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VIBERT: Budget might calm Liberal nerves

Jim Vibert
Jim Vibert - SaltWire Network

The Liberals won the 2015 federal election by outflanking the NDP on the left, and this week’s budget served notice that they won’t stray far from that same basic playbook in 2019.

When federal Finance Minister Bill Morneau finally got to his feet in the Commons Tuesday, it was to rain money down on crucial blocks of voters that helped the Liberals form the government four years ago, and who they’ll need again to win this fall.

The big picture was a $23-billion deluge of new spending that — by the time it fell across a multitude of worthy causes and recipients — landed mostly as a soft sprinkling. The budget spreads the largesse a mile wide and an inch deep.

It is by definition an election budget. There won’t be another before Canadians vote in October. But does it do enough to arrest the Liberals’ current slide down the polls greased by the SNC-Lavalin affair? That, of course, remains to be seen.

The Liberals have more going for them than this budget, and it starts with the Conservatives. When things look bleakest for Prime Minister Justin Trudeau and his government, the Conservatives can be counted on to rush their breathless leader Andrew Scheer in front of a bank of microphones and, almost magically, Justin starts looking pretty good again.

Or they hatch a scheme to draw attention to themselves and give Canadians pause, like their display Tuesday concurrent with the budget speech.

Earlier Tuesday, the opposition Conservatives and NDP lost their attempt to reignite the SNC-Lavalin fire by having the justice committee recall star witness Jody Wilson-Raybould.

Perhaps because they are more practised in the art of accepting defeat graciously, the NDP did.

The Conservatives, on the other hand, took their tantrum into the Commons. They whooped, hollered and pounded their desks to drown out the finance minister and when they grew tired of annoying every Canadian who tuned in the CBC to hear the budget, with typical juvenile disinterest they left the House.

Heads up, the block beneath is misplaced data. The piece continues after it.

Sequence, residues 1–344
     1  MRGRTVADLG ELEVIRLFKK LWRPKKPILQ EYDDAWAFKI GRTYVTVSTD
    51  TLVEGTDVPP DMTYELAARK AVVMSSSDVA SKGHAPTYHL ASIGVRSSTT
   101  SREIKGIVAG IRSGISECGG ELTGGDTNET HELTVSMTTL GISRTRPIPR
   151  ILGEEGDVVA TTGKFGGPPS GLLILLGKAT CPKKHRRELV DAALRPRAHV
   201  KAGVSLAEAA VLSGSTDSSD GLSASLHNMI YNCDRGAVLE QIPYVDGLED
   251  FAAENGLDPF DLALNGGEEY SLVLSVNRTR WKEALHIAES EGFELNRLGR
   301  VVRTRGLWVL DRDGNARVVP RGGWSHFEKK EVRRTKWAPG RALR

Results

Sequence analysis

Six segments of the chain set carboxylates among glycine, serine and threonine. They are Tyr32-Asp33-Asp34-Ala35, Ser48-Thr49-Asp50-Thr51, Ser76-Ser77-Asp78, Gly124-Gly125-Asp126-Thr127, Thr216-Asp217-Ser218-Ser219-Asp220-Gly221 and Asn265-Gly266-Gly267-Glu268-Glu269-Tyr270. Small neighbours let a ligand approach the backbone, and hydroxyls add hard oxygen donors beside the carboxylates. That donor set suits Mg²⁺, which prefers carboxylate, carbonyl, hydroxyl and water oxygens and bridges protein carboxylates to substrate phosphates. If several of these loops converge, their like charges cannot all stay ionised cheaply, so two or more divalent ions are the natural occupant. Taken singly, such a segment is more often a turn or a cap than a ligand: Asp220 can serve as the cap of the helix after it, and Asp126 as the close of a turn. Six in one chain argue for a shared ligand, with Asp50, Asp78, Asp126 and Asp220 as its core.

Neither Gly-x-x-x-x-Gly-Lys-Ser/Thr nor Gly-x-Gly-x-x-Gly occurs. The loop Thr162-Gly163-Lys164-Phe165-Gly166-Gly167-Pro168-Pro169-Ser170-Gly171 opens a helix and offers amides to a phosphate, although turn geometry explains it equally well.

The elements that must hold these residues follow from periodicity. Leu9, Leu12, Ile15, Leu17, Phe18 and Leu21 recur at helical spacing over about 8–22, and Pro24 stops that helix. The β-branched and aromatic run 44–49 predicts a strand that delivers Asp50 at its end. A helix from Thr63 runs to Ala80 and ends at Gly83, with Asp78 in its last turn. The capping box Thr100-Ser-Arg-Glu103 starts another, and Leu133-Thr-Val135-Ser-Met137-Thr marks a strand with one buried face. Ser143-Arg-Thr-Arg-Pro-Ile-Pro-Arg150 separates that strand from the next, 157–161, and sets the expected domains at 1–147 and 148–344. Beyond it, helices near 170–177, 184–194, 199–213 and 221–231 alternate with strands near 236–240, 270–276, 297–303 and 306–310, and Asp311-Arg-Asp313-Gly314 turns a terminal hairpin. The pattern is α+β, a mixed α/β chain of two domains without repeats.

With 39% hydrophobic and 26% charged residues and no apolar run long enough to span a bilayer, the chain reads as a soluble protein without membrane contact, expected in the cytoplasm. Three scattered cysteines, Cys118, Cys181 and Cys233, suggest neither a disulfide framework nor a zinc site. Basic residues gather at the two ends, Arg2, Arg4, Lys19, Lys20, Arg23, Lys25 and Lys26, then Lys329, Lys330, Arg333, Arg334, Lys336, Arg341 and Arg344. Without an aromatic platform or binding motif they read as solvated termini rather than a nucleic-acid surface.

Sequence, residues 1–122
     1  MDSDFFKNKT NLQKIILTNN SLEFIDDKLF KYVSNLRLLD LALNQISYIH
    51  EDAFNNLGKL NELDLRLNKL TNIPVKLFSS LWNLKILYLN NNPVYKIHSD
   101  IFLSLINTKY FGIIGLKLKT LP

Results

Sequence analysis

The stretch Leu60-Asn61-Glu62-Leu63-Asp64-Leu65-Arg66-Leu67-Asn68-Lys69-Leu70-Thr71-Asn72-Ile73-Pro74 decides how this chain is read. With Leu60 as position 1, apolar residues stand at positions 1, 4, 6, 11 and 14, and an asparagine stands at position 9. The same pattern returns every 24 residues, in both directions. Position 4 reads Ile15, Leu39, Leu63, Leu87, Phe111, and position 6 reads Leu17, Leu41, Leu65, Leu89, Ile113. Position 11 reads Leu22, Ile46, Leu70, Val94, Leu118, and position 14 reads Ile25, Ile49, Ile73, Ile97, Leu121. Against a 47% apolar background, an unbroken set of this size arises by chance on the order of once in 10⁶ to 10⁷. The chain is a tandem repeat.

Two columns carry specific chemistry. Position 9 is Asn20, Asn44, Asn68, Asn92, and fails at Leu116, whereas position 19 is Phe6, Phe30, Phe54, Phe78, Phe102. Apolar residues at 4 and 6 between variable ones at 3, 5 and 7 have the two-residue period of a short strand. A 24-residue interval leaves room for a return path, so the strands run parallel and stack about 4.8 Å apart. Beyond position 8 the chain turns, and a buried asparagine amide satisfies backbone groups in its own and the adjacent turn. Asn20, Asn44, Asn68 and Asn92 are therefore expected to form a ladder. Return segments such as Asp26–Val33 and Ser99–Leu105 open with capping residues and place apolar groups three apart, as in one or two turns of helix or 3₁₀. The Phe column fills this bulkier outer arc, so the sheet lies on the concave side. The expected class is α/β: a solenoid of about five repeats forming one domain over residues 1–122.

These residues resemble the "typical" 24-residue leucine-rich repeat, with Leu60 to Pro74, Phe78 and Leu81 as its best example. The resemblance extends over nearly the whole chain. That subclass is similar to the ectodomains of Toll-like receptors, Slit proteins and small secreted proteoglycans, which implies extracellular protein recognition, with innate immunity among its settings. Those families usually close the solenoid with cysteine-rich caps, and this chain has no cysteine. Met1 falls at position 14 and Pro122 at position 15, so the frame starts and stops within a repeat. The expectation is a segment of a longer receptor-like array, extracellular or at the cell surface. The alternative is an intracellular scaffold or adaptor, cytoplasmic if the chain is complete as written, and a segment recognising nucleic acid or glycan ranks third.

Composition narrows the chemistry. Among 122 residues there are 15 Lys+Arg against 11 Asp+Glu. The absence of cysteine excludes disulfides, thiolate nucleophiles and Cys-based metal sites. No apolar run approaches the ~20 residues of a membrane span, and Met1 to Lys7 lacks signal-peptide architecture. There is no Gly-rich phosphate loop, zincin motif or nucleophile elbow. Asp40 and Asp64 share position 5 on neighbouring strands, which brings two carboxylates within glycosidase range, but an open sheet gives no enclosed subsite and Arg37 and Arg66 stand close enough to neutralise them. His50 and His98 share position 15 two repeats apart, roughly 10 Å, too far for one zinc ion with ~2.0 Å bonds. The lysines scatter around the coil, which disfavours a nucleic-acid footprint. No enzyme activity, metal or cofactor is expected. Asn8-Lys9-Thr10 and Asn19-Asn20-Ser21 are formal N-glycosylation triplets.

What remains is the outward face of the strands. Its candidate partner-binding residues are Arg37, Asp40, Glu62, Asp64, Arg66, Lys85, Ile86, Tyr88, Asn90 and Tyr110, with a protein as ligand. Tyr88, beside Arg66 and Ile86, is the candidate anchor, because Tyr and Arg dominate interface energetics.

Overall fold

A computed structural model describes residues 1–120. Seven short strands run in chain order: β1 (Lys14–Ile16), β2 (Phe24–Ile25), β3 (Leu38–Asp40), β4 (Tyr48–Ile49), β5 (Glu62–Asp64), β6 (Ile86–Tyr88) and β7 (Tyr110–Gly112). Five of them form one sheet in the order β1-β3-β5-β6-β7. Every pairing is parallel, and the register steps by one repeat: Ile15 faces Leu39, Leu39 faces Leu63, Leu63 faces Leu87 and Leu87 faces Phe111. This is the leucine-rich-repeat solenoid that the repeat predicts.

If you’re wondering what would possess a political party to turn itself into a circus sideshow when it wants to be seen as the government-in-waiting, the Conservatives will likely tell you it seemed like a good idea at the time. So did slipping on socks in case it gets chilly later, but still going with the sandals.

But back to the budget the Conservatives ignored, except to claim it was somehow part of the SNC-Lavalin “coverup,” a line their leader dutifully delivered and kept his record of overreaching on the affair perfect.

For fiscal conservatives, there’s lots to dislike in this budget and the Conservatives will eventually get around to not liking $20-billion deficits, which is exactly where the Liberals want them.

If you don’t like the deficit, what would you cut, is the question the budget is designed to force the Conservatives to answer, and to make it easier for them it’s multiple choice.

There’s help for millennials who are ready but not able to buy their first home; big bucks for municipal infrastructure; a new job skills training plan; lower interest on student loans; more money for low-income seniors; subsidies for farmers hurt by the new North America trade deal; and a total of more than $8 billion over five years to improve the living conditions of Indigenous people and advance the reconciliation agenda.

The housing initiatives, along with some tentative steps toward a national pharmacare program, take a bite out of the NDP’s lunch.

NDP leader Jagmeet Singh immediately said both of those budget initiatives are far too timid to address the needs of Canadians. That’s fine with Liberals. With the New Democrats stuck in the mid-teens in national polls, the Liberals know they don’t need to do much to hang on to the progressive voters they won over in 2015. If their disagreement with the NDP boils down to a matter of degree, Liberals know that most of those voters will stick with them, if only to avert the risk of a Conservative government.

The government is billing this budget as a remedy for the anxiety Canadians are feeling about the future. That seems like a tall order for any budget, but this one has enough good stuff to calm the jangled nerves of some Liberals, at least.

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